The mobilizations have driven many young men into the shadows. That, said Vasily, a sales manager from St. Petersburg, is the most important way his life has changed.

“Since September 21, I’m scared to go out into the street,” he said. “Especially to the subway where the police check people’s papers and ask why you haven’t been drafted yet. I haven’t been in the subway for four months now.” It’s also turned him into something of a rebel. “Never in my life did I think that I could wish defeat to my homeland. Turns out it’s easy.”

What sanctions have — and haven’t — done

Those are the official views. I have heard others.

My wife’s childhood friend Elena, a mother of five and former radio host from Kaliningrad, said the Russian middle class has suffered most in the past year.

“The rich are still rich,” she wrote to my wife on WhatsApp. “Those who were below the poverty level just keep fighting for survival. And those who were in the middle have become poor.”

Elena and others said inflation has been the chief problem.

“Today it’s 20 rubles more expensive, tomorrow it’s 40 rubles more expensive, and then you wake up and you realize that everything in stores is 3 times more expensive!” Elena said. “Everything rises — bread, meat, fish, milk and clothing … and a separate pain is felt by retirees. As soon as their pension is increased by one ruble, utility bills immediately increase by the same amount!”

My Facebook follower Alexei Litvinov from Tikhvin, a three-hour drive from St. Petersburg, said many medicines have become a luxury.

“Drugs that used to be easy to buy (I have arthritis, so I need them all the time) can now be bought for about 10 times more,” he said. “If before the war four weeks of this medication cost me about 300 rubles [$4], now one week costs 1250 rubles [$18].” (The average monthly salary in the St. Petersburg region is 57,000 rubles — less than $800).

Nikolai, the online media worker in Moscow, said he hadn’t noticed much change in the capital. Many Western brands have disappeared, but “when you live modestly, the disappearance of boutiques or a Mercedes-Benz salon doesn’t affect your life.”

Wealthier Russians have felt a different pain. I spoke to Mikhail, the Moscow lawyer, by phone. “If you buy foreign products, the delivery time has increased significantly, the goods can travel for three months,” he said — hardly a life-altering problem. Neither is the next thing he complained about: the trouble people have getting spare parts for luxury cars.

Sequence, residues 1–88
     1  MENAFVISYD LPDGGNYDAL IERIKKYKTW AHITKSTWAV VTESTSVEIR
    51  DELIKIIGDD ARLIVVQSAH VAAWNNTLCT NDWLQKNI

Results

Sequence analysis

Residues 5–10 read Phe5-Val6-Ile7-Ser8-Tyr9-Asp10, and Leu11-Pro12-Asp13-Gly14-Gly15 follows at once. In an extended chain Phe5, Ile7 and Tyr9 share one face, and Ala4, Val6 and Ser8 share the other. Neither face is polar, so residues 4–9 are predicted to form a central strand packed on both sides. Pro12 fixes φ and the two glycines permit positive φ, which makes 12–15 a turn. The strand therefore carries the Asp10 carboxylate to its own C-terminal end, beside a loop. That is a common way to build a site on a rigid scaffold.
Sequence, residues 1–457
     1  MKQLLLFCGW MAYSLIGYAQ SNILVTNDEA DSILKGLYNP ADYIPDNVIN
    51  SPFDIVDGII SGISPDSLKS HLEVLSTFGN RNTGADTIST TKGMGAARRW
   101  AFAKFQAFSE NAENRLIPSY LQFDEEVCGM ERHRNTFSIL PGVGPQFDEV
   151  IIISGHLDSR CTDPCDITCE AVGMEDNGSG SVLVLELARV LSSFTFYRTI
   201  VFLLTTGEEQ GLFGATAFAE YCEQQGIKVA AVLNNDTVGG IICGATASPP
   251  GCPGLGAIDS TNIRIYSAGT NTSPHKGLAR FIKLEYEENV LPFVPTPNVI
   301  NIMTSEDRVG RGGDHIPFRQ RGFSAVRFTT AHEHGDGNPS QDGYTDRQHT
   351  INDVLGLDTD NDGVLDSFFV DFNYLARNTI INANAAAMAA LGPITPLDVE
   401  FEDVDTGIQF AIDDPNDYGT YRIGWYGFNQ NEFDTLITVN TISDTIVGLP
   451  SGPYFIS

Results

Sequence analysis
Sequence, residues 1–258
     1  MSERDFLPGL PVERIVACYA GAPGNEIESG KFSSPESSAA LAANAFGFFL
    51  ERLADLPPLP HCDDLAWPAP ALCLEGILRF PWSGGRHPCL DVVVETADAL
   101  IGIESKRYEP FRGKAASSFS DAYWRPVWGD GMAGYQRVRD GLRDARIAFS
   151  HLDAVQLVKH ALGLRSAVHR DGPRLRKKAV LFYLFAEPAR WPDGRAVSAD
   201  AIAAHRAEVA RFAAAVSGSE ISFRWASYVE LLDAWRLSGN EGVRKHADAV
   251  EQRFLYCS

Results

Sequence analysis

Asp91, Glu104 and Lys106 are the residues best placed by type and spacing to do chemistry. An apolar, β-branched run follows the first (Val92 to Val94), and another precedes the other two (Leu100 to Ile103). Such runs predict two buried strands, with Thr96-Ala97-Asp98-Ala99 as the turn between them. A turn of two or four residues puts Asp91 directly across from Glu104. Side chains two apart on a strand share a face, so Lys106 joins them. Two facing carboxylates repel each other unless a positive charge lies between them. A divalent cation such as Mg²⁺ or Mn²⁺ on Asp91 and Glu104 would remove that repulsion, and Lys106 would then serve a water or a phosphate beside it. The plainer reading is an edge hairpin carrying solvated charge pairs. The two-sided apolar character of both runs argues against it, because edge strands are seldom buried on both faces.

“For example, a smart key for a Bentley is now impossible to order; it’s not supplied to Russia. What to do? Go to another country for it?” he questioned.

Mikhail believes the foreign companies that left Russia “acted unfairly” — and said he won’t use their products anymore.

“They have lost the trust of the people,” he said. “I will think before using Mastercard or Visa cards now, I don’t trust them.” Visa and Mastercard stopped operations in Russia last March, two weeks after Putin’s invasion.

For others, the exodus of Western companies has crushed their own business. Evgenia, the financial director of a Moscow PR agency, laughed nervously when we spoke. She said that for her and many professional friends, 2022 was the worst year of their lives. Projects were shut down, and one year later, her company is on the verge of bankruptcy.

“All we had was advertisement projects for foreign-branded products. Who was in our market? Unilever, Kraft Foods, PepsiCo and Coca Cola, they did the advertising. After Feb. 24, 2022, they all left. The Russian advertiser does not advertise. Now we survive on design only,” she said.

Others bemoaned the return of a shadowy and often illegal commerce. One woman I’ll call Olga (she also spoke on the condition of anonymity) told me she was ashamed of her transformation from an “honest businesswoman” to someone who now looks for new and often unlawful ways of acquiring or transferring money.

And while Mikhail, the wealthy lawyer, blames the West for the problems, Olga and Evgenia say the fault lies with Putin and his war.

Leaving Russia

Russia has also changed in terms of how it treats this new diaspora.

At the end of December, Dmitry Medvedev, the former Russian president and now deputy chairman of the security council, argued that those who leave should be declared “enemies of the state” and forbidden from returning or working in Russia.